Well I just got my latest issue of the Australian Model Railway Magazine (AMRM) in which an obituary for the former proprietor of Mansfield Hobbies, David Anderson, was included.

I well remember Mansfield Hobbies since I grew up about fifteen minutes from the shop at Waitara. As a late teenager with a burgeoning interest in modelling New South Wales Railway prototype in HO scale, Mansfield Hobbies became a frequent destination for me on Saturday mornings. I used to ride my pushbike to the shop most of the time, before getting a car in the early 1980s. David Anderson was always ready to provide advice and encouragement, and the odd sale of course, whilst chewing merrily on his pipe.

I bought my first serious Australian prototype models from Mansfield Hobbies (my first Australian kits were actually Friedmont and MRC purchased from Casula Hobbies which was a long way from where I lived at the time; so Joe was really my first supplier of Australian HO). However, it was through the local Mansfield Hobbies and David Anderson that I came across and made regular purchases of the high quality HO freight wagon kits from AR Kits that really established and held my interest in the hobby at the time.

I also saved diligently for a couple of the famous Mansfield Hobbies' brass locomotives from Samhongsa in South Korea. I bought a streamlined 38 and a 43 class diesel; the 38 regrettably sold a few years later. I did, however, receive a non-streamlined Mansfield 38 from my parents as a 21st birthday present. Mansfield Hobbies was certainly a leading player in promoting the NSW prototype to the hobby.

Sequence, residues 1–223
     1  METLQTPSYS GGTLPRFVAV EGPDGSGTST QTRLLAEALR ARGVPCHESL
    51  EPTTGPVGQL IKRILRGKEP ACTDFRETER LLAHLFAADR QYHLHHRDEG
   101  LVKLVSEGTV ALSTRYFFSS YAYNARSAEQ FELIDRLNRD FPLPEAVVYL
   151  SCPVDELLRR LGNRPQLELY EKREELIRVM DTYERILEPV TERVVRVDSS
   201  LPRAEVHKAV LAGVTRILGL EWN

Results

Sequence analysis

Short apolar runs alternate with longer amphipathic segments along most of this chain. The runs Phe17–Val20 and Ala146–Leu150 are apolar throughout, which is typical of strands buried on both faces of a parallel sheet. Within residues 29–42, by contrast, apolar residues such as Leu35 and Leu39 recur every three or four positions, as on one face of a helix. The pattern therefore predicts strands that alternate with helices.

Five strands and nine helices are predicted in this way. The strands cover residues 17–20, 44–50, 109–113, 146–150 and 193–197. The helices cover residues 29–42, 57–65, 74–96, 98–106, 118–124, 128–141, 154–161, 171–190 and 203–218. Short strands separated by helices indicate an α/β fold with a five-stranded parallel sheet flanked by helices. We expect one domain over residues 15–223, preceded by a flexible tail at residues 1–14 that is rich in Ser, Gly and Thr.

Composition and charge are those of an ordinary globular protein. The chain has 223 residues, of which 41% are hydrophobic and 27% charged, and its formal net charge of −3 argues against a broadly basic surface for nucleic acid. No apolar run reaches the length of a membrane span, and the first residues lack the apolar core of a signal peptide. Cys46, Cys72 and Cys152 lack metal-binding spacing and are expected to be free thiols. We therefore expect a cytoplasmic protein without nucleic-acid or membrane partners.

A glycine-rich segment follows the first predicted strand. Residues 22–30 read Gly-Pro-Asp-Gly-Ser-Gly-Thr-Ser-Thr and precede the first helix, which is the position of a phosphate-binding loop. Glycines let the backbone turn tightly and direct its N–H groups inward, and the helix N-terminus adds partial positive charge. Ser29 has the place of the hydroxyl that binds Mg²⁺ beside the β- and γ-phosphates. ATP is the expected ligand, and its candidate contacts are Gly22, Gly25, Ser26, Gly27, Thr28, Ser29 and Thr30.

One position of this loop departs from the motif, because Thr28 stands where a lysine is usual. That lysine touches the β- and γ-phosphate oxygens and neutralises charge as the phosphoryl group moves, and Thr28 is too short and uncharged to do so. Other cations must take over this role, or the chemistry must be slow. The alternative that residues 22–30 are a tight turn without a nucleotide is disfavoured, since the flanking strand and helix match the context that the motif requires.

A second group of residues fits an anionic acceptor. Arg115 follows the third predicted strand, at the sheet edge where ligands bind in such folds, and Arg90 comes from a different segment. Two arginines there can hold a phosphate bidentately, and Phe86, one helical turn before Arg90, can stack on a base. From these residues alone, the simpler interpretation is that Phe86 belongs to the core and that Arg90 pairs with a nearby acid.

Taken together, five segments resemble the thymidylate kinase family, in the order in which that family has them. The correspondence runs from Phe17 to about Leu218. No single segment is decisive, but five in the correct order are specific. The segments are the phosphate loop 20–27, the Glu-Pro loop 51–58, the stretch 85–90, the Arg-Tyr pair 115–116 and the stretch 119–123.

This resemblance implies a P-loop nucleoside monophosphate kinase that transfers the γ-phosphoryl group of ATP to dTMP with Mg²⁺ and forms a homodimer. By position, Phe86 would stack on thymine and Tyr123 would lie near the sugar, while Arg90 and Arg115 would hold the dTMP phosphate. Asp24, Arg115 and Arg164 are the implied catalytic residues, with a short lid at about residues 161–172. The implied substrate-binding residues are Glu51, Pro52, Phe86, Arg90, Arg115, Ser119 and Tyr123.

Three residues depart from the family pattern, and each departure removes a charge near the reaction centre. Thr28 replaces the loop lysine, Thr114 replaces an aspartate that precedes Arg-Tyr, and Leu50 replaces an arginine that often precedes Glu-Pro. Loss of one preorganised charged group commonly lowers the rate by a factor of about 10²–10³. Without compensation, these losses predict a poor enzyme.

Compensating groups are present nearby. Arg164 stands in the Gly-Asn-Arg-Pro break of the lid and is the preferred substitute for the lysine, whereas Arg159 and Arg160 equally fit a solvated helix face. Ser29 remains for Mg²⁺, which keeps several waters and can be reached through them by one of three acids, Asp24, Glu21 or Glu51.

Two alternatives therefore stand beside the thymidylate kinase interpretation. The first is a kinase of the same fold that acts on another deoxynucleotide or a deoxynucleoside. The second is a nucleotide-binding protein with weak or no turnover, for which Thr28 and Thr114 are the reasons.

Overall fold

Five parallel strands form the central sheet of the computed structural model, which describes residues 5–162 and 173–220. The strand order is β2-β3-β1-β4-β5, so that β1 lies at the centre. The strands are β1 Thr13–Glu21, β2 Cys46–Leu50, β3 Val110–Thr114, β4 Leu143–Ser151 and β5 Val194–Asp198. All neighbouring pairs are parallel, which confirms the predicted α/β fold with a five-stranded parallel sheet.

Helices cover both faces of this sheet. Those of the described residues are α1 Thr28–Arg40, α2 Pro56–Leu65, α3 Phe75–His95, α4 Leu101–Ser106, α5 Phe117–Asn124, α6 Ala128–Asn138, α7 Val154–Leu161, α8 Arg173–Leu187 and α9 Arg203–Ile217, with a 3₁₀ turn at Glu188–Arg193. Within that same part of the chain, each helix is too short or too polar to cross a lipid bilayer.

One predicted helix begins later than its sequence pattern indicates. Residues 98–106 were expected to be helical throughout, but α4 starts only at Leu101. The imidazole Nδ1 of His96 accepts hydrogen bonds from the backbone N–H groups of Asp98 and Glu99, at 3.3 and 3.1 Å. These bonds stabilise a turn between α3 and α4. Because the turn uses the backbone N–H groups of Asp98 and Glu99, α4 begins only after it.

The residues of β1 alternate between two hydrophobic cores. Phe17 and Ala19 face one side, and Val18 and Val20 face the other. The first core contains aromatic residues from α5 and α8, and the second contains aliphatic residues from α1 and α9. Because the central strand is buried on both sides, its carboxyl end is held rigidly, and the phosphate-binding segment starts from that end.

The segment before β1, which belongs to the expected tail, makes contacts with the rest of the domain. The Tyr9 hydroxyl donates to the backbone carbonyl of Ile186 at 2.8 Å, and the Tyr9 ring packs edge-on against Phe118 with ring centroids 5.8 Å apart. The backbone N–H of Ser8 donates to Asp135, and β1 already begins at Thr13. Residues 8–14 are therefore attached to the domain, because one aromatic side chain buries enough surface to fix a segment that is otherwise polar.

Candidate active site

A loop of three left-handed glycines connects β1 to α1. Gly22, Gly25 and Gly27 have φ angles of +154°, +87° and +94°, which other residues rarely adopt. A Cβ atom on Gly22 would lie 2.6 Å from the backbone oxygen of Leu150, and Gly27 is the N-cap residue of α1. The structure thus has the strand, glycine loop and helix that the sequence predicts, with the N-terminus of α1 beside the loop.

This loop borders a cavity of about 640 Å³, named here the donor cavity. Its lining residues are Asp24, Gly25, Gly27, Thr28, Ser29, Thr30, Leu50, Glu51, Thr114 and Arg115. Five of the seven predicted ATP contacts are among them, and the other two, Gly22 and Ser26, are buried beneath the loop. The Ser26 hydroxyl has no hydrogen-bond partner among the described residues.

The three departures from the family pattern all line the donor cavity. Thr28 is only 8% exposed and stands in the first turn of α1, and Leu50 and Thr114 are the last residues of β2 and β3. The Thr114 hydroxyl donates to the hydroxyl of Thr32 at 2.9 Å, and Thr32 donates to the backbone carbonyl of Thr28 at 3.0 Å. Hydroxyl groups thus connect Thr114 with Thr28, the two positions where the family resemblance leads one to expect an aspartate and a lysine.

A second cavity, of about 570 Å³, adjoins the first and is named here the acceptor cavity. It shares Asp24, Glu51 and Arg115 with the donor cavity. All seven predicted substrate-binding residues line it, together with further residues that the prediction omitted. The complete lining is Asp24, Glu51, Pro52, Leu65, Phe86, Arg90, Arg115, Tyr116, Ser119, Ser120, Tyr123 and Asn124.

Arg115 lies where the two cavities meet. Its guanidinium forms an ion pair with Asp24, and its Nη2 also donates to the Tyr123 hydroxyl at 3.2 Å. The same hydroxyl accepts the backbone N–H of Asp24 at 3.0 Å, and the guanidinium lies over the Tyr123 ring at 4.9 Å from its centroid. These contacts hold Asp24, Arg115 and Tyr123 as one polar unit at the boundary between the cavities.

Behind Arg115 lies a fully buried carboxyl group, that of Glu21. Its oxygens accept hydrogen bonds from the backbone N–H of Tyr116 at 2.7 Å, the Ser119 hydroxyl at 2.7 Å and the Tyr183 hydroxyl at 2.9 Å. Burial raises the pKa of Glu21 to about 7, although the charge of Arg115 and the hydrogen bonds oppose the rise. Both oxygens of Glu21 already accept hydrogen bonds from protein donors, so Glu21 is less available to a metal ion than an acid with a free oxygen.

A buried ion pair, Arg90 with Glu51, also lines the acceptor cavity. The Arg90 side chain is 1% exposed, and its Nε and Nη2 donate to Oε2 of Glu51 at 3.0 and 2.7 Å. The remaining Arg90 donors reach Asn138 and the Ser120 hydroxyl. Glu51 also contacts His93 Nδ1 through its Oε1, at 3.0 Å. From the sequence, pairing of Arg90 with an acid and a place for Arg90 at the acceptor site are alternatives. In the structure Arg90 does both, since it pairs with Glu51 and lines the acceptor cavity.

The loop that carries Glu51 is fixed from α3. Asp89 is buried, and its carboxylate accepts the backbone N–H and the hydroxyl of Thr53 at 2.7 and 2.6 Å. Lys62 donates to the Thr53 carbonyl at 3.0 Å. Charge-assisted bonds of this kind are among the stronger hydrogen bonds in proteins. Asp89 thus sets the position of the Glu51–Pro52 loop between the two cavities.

Mansfield Hobbies' brass locomotives were considered top of the range at the time and even today maintain their excellent quality. It was a credit to David that his brass locomotives were so well regarded and very popular for many years in the second-hand market.

David was always friendly and supportive, as was his wife who often helped out in the shop. I really appreciated his patience with this relative newcomer to serious railway modelling. David Anderson was certainly one of the major forces who encouraged me in modelling NSWR. He also demonstrated how the hobby is also a wonderful opportunity to meet interesting people and share common interests by virtue of the fact that he had regular "bull sessions" at the shop, particularly on Thursday nights and Saturday mornings.

I was very sad to read that he had died in late May. It just seems like yesterday that I was parking my yellow Oxford outside his shop and being greeted to a welcoming smile and a puff of pipe smoke as I entered the shop. Despite the intervening years, I still have very happy memories of a very fine man.

Thank you, David.

Thursday 15 July 2010

North Yard Model Railway Parts for sale

I just received my latest copy of NZ Model Railway Journal. I will write a summary report in my model railway magazine update next week when AMRM is due to be mailed out to subscribers.

A flyer inside the Journal advised that the business of North Yard Model Railway Parts is up for sale. Sadly, the owner of the business, Graham Selman, died suddenly on the 10th June.

Australian and New Zealand railway modellers would be familiar with the North Yard brand of model railway parts, particularly brass strip, wheel sets and gearboxes. I think Bergs (new website under construction) in Sydney used to stock North Yard bits and pieces.

Expressions of genuine interest for the purchase of the North Yard business can be sent to:

Neesham Pike Thomas Limited
PO Box 47256
Auckland 1011
New Zealand

or email